Image: Getty/ Mario Tama
Last week, the New York Times announced that it would be handing over the 70,000-member New York Times Cooking Community Facebook group over to the members itself to moderate. Members of the group describe it as being a toxic place with rampant bullying.The New York Times Cooking Community is no stranger to drama, much like any other big Facebook group. Last year, the group made the news because users were protesting the longstanding "no politics" rule in the group, resorting to spelling "vote" in their food pictures to remind others to go to the polls. Now, the Times has told members that it will no longer be in charge of the group, will be passing on control of the group, and will give moderation duties to the members. It will also change the name of the group.
"As [the group] continues to grow and change, it should be run by people who are an engaged and informed part of the community," a spokesperson for the Times wrote in the group. "And so it is time to hand the group over to you, its members."A spokesperson for the Times told Motherboard that it made the decision to concede leadership of its cooking group because, "the interest in the group is about much more than recipes or The New York Times." Times assistant managing editor Sam Sifton told Times media columnist Ben Smith that "It's a lot of people who want to post pictures of their dogs next to their soufflé" and "not a place where we were going to March people toward NYT Cooking." He also said that it was "a Times employee moderating comments for fb rather than working for the Times." Smith tweeted: "Sorry, I was hoping it was about peas and guacamole too," referring to a 2015 NYTimes recipe controversy.These answers, though, do not really pass muster. It makes sense that the Times might think an employee’s time could be better spent doing something other than moderating comments on Facebook. But it’s not true that the group was without controversy and that there’s Nothing to See Here. Internet communities are rarely "about" the thing they say they're about, and moderating (even small) communities can be incredibly time consuming, difficult, and psychologically taxing work. The Times is effectively washing its hands of the responsibility after its own community turned toxic.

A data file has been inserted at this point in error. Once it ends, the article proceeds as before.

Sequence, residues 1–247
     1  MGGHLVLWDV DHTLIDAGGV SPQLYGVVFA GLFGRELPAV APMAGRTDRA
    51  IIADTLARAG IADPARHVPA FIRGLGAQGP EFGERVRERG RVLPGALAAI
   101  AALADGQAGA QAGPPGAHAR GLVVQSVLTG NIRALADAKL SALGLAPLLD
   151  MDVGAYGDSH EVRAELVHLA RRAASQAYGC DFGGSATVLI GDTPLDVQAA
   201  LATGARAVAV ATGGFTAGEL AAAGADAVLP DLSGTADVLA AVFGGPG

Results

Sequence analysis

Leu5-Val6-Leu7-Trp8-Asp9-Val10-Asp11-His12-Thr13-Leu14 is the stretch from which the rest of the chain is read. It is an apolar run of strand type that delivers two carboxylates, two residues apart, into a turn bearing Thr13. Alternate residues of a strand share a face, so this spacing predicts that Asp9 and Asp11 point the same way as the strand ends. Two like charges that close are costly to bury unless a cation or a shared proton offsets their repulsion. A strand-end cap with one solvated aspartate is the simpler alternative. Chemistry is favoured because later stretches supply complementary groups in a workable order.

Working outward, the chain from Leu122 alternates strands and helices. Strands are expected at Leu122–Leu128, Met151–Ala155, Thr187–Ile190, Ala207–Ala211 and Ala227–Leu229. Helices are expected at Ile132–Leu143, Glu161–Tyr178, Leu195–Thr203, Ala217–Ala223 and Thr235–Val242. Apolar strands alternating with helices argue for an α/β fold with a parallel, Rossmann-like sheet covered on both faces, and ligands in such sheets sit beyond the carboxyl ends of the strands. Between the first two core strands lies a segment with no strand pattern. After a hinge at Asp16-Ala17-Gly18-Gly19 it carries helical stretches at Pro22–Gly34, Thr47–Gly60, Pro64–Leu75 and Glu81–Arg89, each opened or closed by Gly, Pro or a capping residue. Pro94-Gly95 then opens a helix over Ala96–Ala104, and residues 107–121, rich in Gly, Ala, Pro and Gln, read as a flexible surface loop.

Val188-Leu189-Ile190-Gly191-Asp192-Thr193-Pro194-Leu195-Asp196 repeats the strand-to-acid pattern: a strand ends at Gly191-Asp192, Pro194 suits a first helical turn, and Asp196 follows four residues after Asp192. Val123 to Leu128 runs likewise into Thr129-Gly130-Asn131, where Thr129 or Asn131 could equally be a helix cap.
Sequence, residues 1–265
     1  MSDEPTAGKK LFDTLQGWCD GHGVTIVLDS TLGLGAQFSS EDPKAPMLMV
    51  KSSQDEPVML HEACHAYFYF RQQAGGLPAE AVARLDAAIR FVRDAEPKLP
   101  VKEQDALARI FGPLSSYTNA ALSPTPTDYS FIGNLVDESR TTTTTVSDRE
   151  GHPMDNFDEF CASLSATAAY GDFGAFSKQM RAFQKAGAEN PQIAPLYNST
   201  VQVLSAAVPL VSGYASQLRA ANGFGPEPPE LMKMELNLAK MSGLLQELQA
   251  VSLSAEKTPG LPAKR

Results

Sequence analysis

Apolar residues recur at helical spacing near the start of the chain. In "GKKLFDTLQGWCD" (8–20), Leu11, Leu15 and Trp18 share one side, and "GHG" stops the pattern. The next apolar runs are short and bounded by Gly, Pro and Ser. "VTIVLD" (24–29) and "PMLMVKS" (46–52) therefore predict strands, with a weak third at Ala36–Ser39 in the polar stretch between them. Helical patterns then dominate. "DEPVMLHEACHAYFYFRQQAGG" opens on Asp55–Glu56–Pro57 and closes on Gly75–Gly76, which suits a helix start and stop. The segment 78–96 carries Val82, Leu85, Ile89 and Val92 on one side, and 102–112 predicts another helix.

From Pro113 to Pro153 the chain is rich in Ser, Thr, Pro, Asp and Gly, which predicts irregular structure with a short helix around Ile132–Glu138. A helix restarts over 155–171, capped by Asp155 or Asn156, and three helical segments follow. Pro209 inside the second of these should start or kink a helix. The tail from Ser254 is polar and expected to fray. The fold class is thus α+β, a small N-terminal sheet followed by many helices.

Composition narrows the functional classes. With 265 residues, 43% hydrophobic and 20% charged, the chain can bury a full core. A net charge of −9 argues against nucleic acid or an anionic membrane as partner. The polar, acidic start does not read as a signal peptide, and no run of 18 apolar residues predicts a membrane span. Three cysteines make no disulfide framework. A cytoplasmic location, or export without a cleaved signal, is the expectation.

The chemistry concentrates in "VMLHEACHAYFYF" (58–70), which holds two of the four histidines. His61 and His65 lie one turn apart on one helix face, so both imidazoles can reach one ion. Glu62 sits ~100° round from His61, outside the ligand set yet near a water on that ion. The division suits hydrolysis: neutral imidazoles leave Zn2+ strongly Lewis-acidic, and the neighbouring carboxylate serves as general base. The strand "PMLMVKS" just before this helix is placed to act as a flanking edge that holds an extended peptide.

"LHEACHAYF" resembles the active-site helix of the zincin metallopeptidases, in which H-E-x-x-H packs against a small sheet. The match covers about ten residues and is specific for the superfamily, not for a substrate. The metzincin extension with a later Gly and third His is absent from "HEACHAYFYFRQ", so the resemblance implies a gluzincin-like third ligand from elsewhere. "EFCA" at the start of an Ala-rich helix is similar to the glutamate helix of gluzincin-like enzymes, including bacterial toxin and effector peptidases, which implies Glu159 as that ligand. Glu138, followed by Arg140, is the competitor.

Multiple former and current members of the New York Times cooking community told Motherboard that the group was particularly toxic. One described browsing the group as a "spectator sport.""It had a lot of the same issues endemic to online food media we saw play out last year—'This is my food bible' people shouting over 'This is a cuisine from my culture'", a member of the Facebook Group who goes by Giltcomplex on Twitter said. "It's like if the Bon Appétit meltdown had involved a fan base that was less like people horny for Test Kitchen personalities and more moms."Another former member said the group was not all that more toxic than other large Facebook groups, but toxic nonetheless."I belong to several large Facebook groups and the general political contentiousness that permeates society has carried over to some of them," Michele DeAngelo Carrera, who belongs to the New York Times Cooking Community, said. Carrera said that in a lot of cooking groups, fighting often originates along those political lines.Finding evidence of past conflicts in the group is not difficult; vague tweets refer to something called "the McRib controversy;” others mention an argument about a maid who scratched a baking sheet. The New York Times Cooking Community even earned itself an extremely similarly named offshoot group, created in December 2019, called The NYT Cooking Community for People With Compassion. A Facebook user who goes by Jennifer, who asked to be quoted without her last name because she was worried about harassment, told Motherboard that she made the group because of the rampant bullying in the Times's group. Since the announcement, Jennifer said that they've had an influx of new members.
"We had roughly 750 members that accumulated from December 2019 through mid March 2021," Jennifer said. "In the past 4-5 days we've had roughly 150 new members and probably 175-200 requests."The NYT Cooking Community for People with Compassion is a fraction of the size of the original group, and Jennifer said that as such, she does not do much moderation and has only had to remove one member. She still makes conscious choices about who can join the group."I weed out requests pretty stringently. I will admit that I don't allow Trumpians to join," she said. "Conservatives are fine, but if someone is a Trumpian, that automatically limits them from being a person with compassion. Having said that, I'm very aware that Democrats are often bullies (worse than Trumpians), so I have had to remind people that this is a compassionate group, but only a couple of times. "Now that news of the changes to the original group has spread, members of the NYT Cooking Community for People with Compassion have started talking about the reasons why they left. "In all honesty, I’m here fleeing the bad actors," one person wrote."I left the NYT group in October when the racism, baiting, and all-out screaming matches simply became too much," said another."Am glad NYT dumped the group. It was a very toxic group with tons of bullying and pulling race cards into any disagreement," said a third person. "So glad I left it."Carrera said that in more than one of the other cooking groups she belongs to, people are bemoaning the new Stanley Tucci documentary series about Italy and its food simply because it's airing on CNN, and thus is "fake news.""At least the Times group is mostly Times readers!" Carrera said. "There are so many posts on the Times group that I sometimes miss the drama. It’s not necessary to comment every time you see something that rankles. Sometimes it’s better to roll your eyes and keep scrolling."